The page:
Mitt Romney’s anger flashes on the “apology tour”
posted at 9:01 am on October 23, 2012 by Libby Sternberg
Republican presidential candidate Mitt Romney rarely displays anger. Despite petty–even snarky–jabs aimed at him from President Obama during the past two presidential debates, Romney maintained a cool, above-it-all demeanor that made him appear more presidential than the president.
But there was a flash of anger in Romney’s performance at the last of the three debates, and, appropriately, it was anger expressed on behalf of the American people. The contrast with the president couldn’t have been more striking. While Obama talked about “me, the nation” (hmm…where have we heard that before? ), Romney displayed control and humility, brushing past most of Obama’s attacks as if to signal, “this isn’t about me personally.”
But Romney showed fire when he took the president to task for his “apology tour,” and in this instance, Romney spoke for many Americans, not just himself.
This was the only moment during the various debates that triggered a visceral reaction from me, and I suspect that’s true of many other like-minded folks who watched. After Romney mentioned the president’s “apology tour,” and the president described that as a “whopper” discredited by the media, Romney went on to explain:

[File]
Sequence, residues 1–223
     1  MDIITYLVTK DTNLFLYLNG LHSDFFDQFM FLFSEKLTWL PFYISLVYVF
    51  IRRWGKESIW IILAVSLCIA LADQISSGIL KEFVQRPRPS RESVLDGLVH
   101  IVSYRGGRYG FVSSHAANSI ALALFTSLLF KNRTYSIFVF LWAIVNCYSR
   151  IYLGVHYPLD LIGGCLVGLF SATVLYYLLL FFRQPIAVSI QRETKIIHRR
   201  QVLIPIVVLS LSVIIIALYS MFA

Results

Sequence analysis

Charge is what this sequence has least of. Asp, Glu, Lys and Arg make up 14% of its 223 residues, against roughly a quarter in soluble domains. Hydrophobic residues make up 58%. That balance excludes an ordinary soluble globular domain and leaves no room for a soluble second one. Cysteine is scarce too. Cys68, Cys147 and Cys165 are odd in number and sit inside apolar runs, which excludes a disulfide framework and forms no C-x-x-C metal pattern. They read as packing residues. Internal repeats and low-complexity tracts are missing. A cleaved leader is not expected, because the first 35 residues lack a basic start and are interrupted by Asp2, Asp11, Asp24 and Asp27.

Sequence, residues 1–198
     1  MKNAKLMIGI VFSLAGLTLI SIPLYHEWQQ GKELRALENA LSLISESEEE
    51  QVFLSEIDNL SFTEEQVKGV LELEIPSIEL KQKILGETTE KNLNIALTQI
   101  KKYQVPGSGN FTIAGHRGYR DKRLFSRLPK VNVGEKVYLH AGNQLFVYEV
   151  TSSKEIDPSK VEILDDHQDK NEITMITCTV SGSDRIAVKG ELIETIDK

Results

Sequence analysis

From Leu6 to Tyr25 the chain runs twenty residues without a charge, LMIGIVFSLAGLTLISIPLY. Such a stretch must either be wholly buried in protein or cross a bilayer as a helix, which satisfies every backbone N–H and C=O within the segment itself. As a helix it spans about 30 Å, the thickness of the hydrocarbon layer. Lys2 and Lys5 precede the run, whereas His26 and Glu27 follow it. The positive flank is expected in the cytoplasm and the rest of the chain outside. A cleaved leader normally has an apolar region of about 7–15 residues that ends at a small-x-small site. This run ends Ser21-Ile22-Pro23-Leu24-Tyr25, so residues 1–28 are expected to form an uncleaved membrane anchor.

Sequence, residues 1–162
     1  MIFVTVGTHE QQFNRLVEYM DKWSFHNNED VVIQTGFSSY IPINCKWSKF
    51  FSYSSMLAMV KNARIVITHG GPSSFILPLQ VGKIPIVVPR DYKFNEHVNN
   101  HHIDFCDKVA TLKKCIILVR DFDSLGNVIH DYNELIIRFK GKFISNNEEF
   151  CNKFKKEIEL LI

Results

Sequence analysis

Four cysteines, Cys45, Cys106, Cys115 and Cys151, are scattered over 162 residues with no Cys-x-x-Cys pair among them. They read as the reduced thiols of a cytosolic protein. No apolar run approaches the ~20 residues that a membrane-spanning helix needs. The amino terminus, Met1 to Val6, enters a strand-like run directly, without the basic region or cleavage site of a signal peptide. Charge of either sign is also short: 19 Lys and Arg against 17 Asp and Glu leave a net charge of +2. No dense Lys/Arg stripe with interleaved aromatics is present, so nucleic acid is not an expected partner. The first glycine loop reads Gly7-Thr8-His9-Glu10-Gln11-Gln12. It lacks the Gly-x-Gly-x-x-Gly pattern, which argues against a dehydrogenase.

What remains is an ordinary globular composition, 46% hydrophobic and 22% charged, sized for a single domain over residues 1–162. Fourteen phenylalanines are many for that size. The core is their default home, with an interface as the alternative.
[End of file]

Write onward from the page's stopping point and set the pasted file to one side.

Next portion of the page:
Mr. President, the reason I called it an apology tour is because you went to the Middle East, you flew to Egypt, Saudi Arabia, Turkey and Iraq.
By the way, you skipped Israel, our closest friend in the region, but you went to the other nations.
And by the way, they noticed that you skipped Israel.
And in those nations on Arabic TV, you said America had been dismissive and derisive. You said that on occasion America had dictated to other nations.
Mr. President, America has not dictated to other nations, we have freed other nations from dictators.
Bravo! Whatever our country’s flaws, we don’t need to have a president acting like a preening member of an over-rated country music group dissing us while abroad. Romney spoke for all of us in that clip, and he showed the right level of righteous indignation and anger on our behalf.
It was a knockout moment, but it occurred around the hour mark of a debate up against Monday Night Football and baseball on the schedule.
Here’s hoping the moment is replayed often.
Libby Sternberg is a novelist